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Kleptomania
By Mayo Clinic Staff
Oct 30, 2007

Kleptomania is the irresistible urge to steal items that you don't need and that usually have little value. Although kleptomania is often the butt of jokes, it's a very real and serious mental health disorder that can tear your life apart if not treated.

Kleptomania is a type of impulse control disorder ? a disorder in which you can't resist the temptation or drive to perform an act that's harmful to you or someone else. People with kleptomania know that their actions are harmful. Yet the urge to steal is so powerful that they can't resist it. This urge makes them feel uncomfortably anxious, tense or aroused. To soothe these feelings, they steal. During the theft, they feel relief and gratification. Afterward, though, they feel enormous guilt, remorse, self-loathing and fear of arrest. But the urge comes back, and the kleptomania cycle repeats itself.

Many people with kleptomania live lives of secret shame because they're afraid to seek mental health treatment. Although there's no cure for kleptomania, treatment with medication or psychotherapy may be able to help end the cycle of compulsive stealing.

Signs and symptoms
Symptoms of kleptomania may include:

  • Powerful urges to steal items that you don't need
  • Feeling increased tension leading up to the theft
  • Feeling pleasure or gratification while stealing
  • Feeling terrible guilt or shame after the theft
Unlike typical shoplifters, people with kleptomania don't compulsively steal for personal gain. Nor do they steal as a way to exact revenge. They steal simply because of an inexplicable urge. Episodes of kleptomania seem to occur spontaneously, without planning. However, stressful events, such as an argument, may trigger an episode of kleptomania.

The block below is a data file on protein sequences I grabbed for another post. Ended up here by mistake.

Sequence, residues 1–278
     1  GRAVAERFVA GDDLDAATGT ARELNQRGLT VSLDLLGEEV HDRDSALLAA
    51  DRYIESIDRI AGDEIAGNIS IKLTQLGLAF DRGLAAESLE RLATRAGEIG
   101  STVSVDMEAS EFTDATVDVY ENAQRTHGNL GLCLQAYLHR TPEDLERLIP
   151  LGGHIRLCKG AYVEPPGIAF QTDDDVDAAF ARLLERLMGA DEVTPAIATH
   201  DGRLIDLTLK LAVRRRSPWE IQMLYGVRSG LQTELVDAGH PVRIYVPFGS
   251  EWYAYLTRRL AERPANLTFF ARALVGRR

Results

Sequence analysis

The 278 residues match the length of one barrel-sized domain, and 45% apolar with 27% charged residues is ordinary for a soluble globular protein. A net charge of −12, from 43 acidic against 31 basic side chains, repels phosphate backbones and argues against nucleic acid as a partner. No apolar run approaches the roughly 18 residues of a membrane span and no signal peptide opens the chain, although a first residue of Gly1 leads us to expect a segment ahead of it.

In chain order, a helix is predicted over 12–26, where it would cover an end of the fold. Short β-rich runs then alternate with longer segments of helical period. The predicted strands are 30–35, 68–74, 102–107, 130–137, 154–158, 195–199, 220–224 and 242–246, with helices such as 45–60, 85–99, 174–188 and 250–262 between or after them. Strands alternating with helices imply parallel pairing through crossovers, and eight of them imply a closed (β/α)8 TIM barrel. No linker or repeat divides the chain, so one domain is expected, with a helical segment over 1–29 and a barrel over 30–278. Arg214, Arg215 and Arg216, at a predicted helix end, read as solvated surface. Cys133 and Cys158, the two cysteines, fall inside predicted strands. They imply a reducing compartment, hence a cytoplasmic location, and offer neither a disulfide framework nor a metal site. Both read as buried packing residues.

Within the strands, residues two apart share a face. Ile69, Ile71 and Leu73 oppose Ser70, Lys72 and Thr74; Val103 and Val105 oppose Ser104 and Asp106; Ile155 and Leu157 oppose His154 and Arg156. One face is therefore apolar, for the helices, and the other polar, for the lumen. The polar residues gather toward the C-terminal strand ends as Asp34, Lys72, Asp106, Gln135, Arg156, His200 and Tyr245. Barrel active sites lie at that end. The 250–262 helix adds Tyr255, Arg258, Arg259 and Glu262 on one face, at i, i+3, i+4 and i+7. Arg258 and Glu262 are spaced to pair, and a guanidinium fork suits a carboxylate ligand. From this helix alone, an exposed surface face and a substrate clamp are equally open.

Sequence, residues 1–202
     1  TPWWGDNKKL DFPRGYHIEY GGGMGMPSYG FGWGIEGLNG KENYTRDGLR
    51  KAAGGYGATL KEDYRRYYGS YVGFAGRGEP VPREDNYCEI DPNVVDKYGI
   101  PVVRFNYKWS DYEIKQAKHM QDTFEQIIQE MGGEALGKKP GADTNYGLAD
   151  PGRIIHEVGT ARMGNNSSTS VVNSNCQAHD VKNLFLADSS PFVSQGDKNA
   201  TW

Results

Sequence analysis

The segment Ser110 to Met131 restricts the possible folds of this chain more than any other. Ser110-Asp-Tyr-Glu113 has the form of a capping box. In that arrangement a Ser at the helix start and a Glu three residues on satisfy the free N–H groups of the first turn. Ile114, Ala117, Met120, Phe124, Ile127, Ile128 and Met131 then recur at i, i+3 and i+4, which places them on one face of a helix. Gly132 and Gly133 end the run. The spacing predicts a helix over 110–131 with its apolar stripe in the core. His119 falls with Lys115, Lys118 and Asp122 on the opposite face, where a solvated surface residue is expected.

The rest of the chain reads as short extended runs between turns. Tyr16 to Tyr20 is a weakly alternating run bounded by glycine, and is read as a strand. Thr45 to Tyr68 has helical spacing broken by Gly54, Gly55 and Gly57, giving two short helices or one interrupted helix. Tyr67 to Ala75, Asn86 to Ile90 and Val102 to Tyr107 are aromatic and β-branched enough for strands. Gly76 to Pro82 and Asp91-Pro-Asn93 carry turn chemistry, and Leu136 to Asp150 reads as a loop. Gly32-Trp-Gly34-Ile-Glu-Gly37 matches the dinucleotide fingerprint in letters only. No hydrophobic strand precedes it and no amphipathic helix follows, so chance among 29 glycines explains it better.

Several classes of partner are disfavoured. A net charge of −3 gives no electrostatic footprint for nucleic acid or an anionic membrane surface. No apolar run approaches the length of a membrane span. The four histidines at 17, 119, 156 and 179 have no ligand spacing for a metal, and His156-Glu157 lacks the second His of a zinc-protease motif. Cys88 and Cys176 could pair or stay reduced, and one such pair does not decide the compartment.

Most people with kleptomania steal from public places, such as stores and supermarkets. Some may steal from friends or acquaintances, such as at a party. Often, the stolen items have no value to the person with kleptomania. The stolen items are usually stashed away, never to be used. Items may also be donated, given away to family or friends, or even secretly returned to the place from which they were stolen. In rarer cases, people with kleptomania may repeatedly pilfer the same kinds of items, such as undergarments. In these cases, the kleptomania may include an element of fetishism.

Causes
The cause of kleptomania isn't known. Some research evidence suggests that kleptomania may be linked to problems with a naturally occurring brain chemical called serotonin. There's also some evidence that kleptomania may be related to addictive disorders or to obsessive-compulsive disorder. But more research is needed to better understand the possible causes of kleptomania.

Risk factors
Kleptomania is thought to be uncommon. However, because many people with kleptomania never seek treatment or they're simply jailed after repeated thefts, many cases of kleptomania may never be diagnosed. It's thought that fewer than 5 percent of shoplifters have kleptomania. Kleptomania often begins in adolescence or in the 20s, but in rare cases it begins in very early childhood or late in life.